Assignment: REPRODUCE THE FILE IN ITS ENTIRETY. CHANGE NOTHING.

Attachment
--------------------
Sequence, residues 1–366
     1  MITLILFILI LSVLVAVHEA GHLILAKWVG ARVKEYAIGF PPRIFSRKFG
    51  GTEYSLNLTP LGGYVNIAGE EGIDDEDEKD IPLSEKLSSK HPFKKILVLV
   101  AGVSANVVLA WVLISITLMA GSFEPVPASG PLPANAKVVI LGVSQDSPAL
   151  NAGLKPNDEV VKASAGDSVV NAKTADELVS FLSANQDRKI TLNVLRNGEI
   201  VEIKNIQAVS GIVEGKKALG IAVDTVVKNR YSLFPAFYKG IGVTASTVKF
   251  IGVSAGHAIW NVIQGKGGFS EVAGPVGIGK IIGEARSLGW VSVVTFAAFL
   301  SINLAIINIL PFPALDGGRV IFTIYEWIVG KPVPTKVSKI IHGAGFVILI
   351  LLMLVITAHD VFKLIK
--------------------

Sequence, residues 1–366
     1  MITLILFILI LSVLVAVHEA GHLILAKWVG ARVKEYAIGF PPRIFSRKFG
    51  GTEYSLNLTP LGGYVNIAGE EGIDDEDEKD IPLSEKLSSK HPFKKILVLV
   101  AGVSANVVLA WVLISITLMA GSFEPVPASG PLPANAKVVI LGVSQDSPAL
   151  NAGLKPNDEV VKASAGDSVV NAKTADELVS FLSANQDRKI TLNVLRNGEI
   201  VEIKNIQAVS GIVEGKKALG IAVDTVVKNR YSLFPAFYKG IGVTASTVKF
   251  IGVSAGHAIW NVIQGKGGFS EVAGPVGIGK IIGEARSLGW VSVVTFAAFL
   301  SINLAIINIL PFPALDGGRV IFTIYEWIVG KPVPTKVSKI IHGAGFVILI
   351  LLMLVITAHD VFKLIK